31 Days of Horror Cinema

Abbott and Costello Meet the Invisible Man: 31 Days of Horror

#4. Abbott and Costello Meet The Invisible Man (1951)

Nature of Shame:
It’s been a loooooong time since I last revisited the Abbott and Costello Meet… movies. I’ll try to remove my nostalgia goggles.

Hooptober Challenge Checklist:
Decade: 1950’s

Abbott and Costello Meet Frankenstein proved to be a hit with my daughters so we carried on. I’d recently watched …Meet the Killer, Boris Karloff so the next logical stop was 1951’s Abbott and Costello Meet the Invisible Man, newly available on The Invisible Man Complete Legacy Blu-ray from Universal.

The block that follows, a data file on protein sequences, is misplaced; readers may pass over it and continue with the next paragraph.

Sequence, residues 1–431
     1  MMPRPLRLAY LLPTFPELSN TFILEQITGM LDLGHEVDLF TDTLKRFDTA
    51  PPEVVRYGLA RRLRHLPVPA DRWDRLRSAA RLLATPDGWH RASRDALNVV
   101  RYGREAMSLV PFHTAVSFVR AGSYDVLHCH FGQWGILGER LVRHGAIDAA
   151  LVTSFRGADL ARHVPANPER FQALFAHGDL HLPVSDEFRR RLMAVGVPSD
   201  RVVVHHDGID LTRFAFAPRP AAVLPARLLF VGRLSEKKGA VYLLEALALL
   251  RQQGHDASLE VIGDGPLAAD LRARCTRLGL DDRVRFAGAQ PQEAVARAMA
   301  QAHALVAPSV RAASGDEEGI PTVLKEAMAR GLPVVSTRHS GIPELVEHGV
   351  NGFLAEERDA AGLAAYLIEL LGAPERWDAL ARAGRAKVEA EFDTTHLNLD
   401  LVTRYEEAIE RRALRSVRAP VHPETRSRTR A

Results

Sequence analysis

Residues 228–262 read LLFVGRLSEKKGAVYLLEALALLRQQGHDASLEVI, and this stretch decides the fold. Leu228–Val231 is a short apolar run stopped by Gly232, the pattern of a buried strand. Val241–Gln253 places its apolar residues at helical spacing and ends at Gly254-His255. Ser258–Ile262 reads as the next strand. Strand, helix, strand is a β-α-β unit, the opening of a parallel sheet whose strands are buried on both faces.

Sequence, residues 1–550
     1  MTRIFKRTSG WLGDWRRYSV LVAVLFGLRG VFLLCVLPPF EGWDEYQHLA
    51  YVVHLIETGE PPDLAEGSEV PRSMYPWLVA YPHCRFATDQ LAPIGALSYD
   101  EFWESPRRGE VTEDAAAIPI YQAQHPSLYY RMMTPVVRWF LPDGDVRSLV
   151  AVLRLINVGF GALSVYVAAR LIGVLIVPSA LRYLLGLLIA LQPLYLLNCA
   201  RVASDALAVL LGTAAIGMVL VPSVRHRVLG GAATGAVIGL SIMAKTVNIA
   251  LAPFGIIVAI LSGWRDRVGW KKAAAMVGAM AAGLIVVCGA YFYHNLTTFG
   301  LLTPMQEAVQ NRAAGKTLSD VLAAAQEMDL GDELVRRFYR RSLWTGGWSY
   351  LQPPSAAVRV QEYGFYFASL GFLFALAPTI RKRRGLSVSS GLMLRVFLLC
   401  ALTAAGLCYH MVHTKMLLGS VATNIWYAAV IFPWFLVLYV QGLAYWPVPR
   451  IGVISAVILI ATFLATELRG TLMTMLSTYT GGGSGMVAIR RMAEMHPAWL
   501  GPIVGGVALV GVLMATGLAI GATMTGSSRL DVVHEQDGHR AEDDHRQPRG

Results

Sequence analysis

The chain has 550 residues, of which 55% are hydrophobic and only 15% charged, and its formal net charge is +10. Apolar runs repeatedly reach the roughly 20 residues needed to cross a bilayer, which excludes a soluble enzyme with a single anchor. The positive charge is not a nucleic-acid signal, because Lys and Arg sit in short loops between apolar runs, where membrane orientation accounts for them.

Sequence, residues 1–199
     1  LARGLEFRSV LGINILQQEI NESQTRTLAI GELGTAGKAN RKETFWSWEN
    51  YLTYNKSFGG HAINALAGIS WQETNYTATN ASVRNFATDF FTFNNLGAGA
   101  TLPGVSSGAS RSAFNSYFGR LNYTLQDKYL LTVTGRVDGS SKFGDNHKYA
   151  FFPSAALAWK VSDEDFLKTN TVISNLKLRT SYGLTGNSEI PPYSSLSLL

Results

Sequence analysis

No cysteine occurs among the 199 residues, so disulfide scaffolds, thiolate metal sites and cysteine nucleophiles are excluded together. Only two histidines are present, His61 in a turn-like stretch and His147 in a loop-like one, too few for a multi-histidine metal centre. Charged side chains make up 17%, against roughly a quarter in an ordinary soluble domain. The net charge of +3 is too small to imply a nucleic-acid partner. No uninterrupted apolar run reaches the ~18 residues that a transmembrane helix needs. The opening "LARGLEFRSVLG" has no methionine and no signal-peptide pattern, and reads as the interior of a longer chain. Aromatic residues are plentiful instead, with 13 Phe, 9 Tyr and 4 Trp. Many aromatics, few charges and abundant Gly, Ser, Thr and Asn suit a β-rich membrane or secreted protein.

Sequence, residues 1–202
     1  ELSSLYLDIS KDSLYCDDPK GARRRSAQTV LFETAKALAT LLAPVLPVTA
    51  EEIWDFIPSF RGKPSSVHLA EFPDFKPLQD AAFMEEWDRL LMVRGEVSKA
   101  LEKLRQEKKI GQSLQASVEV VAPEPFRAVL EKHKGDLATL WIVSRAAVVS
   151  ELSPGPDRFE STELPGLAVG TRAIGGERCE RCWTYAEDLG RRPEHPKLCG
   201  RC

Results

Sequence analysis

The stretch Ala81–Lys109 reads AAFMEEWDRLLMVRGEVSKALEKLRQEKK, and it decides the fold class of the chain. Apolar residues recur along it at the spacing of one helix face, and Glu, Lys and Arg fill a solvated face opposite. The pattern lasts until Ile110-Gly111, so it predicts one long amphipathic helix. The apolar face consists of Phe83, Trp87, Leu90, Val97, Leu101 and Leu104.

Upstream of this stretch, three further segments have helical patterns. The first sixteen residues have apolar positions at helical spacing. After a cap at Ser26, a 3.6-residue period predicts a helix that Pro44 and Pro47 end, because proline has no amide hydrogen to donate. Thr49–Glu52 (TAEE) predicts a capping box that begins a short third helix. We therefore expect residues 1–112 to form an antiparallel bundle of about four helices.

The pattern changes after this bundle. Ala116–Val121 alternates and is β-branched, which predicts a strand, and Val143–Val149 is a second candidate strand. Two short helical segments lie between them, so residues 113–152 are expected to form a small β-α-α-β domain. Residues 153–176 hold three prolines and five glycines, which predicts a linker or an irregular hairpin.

Abbott and Costello Meet the Invisible Man Elevator Pitch

Boxer Tommy Nelson is accused of killing his manager. In order to evade the law, he takes the invisibility serum and enlists greenhorn gumshoes Bud Alexander and Lou Francis to find the real killer. (Sidenote: Alexander and Francis were Bud and Lou’s middle names.)

abbott and costello meet the invisible man

Abbott and Costello Meet the Invisible Man? How would they know?

Universal preceded Abbott and Costello Meet the Invisible Man with five invisible human films between 1933 and 1944. While all existed under the Universal horror umbrella, the Invisible Man films straddled a number of widely varied genres.